Submitted to: Journal of Entomological Science
Publication Type: Peer reviewed journal
Publication Acceptance Date: 10/7/2000
Publication Date: 4/1/2001
Citation: Simmons, A.M., Mccutcheon, G.S. 2001. Daily foraging incidence of encarsia pergandiella (homoptera:aphelinidae) on cowpea. Journal of Entomological Science. 36:218-221. Interpretive Summary: Knowledge of how insect parasites behave on plants can help in developing ways to control plant feeding insect pests. We examined how Encarsia pergandiella, a whitefly parasite, was attracted to different crops. Greenhouse tests were conducted on 7 dissimilar crops: cantaloupe, collard, cotton, cowpea, bell pepper, soybean, and tomato, on which whiteflies feed. Although the parasite lays eggs in whitefly nymphs, the tests were conducted on plants free of whitefly nymphs. We also examined daily host searching behavior of the parasite. The parasite was most attracted to cowpea and cotton, and least attracted to collard. The behavior of the parasite on the bottom leaf surface as compared with the top surface varied among crop plants. From 45-90% of the parasites were on the bottom leaf surface during the test. About half were on the top leaf surface early in the morning. By the middle of the day, about 90% of the parasites were on the bottom leaf surface. Overall, parasite searching activity was lowest in the early morning and late afternoon. These findings will be helpful in research on host plant resistance and conservation of parasites.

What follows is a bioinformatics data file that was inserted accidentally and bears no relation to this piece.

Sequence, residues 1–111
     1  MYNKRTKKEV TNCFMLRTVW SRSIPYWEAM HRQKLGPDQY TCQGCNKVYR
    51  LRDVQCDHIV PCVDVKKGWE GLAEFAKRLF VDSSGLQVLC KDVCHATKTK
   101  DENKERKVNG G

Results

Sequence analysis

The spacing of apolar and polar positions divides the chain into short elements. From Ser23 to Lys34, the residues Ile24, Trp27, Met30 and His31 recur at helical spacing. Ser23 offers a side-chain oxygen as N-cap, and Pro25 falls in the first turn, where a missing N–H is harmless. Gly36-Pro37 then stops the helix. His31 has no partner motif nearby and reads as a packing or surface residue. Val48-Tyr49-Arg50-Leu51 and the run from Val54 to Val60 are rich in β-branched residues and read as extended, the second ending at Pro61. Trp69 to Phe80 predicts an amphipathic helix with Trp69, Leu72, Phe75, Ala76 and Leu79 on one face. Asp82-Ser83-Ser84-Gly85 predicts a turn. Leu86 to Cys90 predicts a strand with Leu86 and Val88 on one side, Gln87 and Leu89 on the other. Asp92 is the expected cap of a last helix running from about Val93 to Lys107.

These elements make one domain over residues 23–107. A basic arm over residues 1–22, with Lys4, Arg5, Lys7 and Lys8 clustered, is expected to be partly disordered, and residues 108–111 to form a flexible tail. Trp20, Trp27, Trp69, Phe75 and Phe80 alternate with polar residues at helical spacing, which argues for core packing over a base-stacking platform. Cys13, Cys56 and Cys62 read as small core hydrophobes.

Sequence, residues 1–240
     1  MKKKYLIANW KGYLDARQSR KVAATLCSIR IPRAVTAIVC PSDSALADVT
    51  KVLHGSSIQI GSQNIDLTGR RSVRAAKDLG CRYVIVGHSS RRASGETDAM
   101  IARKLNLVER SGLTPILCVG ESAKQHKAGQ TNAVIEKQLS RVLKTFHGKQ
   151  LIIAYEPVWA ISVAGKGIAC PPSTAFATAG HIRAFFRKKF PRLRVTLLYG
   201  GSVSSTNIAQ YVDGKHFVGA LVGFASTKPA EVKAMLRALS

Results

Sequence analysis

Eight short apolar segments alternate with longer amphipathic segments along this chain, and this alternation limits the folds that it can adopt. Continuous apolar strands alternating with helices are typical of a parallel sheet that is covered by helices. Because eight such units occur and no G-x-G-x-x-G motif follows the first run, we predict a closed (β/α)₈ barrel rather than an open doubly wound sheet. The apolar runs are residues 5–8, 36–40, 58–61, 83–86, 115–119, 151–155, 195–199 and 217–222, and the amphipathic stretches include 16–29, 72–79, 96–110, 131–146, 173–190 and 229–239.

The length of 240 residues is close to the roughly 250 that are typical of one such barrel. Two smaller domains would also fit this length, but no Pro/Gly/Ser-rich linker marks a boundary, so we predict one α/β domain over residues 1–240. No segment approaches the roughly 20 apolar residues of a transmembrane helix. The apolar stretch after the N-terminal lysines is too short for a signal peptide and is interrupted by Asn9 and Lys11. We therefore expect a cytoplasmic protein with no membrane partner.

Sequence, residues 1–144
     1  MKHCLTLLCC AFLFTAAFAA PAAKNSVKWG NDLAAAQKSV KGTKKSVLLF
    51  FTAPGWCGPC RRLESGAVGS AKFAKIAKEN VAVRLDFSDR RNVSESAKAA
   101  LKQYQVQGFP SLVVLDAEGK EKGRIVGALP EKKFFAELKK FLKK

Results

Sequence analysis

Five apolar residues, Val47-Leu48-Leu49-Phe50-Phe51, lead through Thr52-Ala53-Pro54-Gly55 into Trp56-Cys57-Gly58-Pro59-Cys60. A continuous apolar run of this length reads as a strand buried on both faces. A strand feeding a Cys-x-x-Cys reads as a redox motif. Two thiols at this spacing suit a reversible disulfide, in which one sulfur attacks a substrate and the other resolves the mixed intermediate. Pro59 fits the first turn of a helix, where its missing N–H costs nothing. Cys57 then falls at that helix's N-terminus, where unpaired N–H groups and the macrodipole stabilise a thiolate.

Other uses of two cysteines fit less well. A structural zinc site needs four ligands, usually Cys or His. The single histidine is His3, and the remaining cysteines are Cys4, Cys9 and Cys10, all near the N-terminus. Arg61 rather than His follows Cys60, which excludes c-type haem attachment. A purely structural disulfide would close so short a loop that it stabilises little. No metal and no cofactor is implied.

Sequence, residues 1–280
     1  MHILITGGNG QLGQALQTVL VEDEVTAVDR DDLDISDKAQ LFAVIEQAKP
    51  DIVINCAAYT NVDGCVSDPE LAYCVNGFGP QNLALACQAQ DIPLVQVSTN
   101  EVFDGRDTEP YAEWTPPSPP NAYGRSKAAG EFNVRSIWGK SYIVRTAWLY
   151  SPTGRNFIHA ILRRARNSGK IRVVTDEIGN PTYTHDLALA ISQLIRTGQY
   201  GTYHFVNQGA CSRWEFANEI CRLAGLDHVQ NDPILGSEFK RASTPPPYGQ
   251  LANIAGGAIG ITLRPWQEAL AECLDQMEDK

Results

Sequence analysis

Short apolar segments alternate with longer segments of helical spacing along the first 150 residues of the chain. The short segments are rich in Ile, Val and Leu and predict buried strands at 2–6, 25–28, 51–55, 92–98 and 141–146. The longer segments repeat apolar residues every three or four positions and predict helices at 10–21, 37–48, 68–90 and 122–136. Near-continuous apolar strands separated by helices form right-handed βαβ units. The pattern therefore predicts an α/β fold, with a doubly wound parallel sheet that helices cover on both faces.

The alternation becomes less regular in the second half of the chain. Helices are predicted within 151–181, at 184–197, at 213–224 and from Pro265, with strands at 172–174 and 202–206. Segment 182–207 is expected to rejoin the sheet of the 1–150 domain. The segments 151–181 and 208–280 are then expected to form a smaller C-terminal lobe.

Technical Abstract: Knowledge of parasitoid relationships with plants may help in the development of management strategies for Bemisia argentifolii Bellows and Perring, a whitefly pest. We examined the influence of various horticultural and agronomic plant species on attractiveness for foraging by Encarsia pergandiella Howard, a whitefly parasitoid. Greenhouse tests were conducted on 7 diverse crops: collard, Brassica oleracea ssp. acephala de Condolle; cotton, Gossypium hirsutum L.; cowpea, Vigna unguiculata (L.) Walpers ssp. unguiculata; melon, Cucumis melo L.; bell pepper, Capsicum annuum L. ssp. annuum; soybean, Glycine max Merrill (L.); and tomato, Lycopersicon esculentum Miller. Although the parasitoid oviposits in whitefly nymphs, the tests were conducted on plants free of whitefly nymphs. We also examined general foraging behavior of E. pergandiella. The parasitoid was most attracted to cowpea, followed by cotton, while the fewest parasitoids were observed on collard. The propensity of the parasitoid to forage on the bottom leaf surface compared with the top surface varied among crops (45-90% were on the bottom leaf surface) and over time (ca. 50% were on the bottom leaf surface around sunrise while ca. 90% were on the bottom surface by mid-day). Overall foraging was low around sunrise, peaked near solar noon, and was low again near sunset.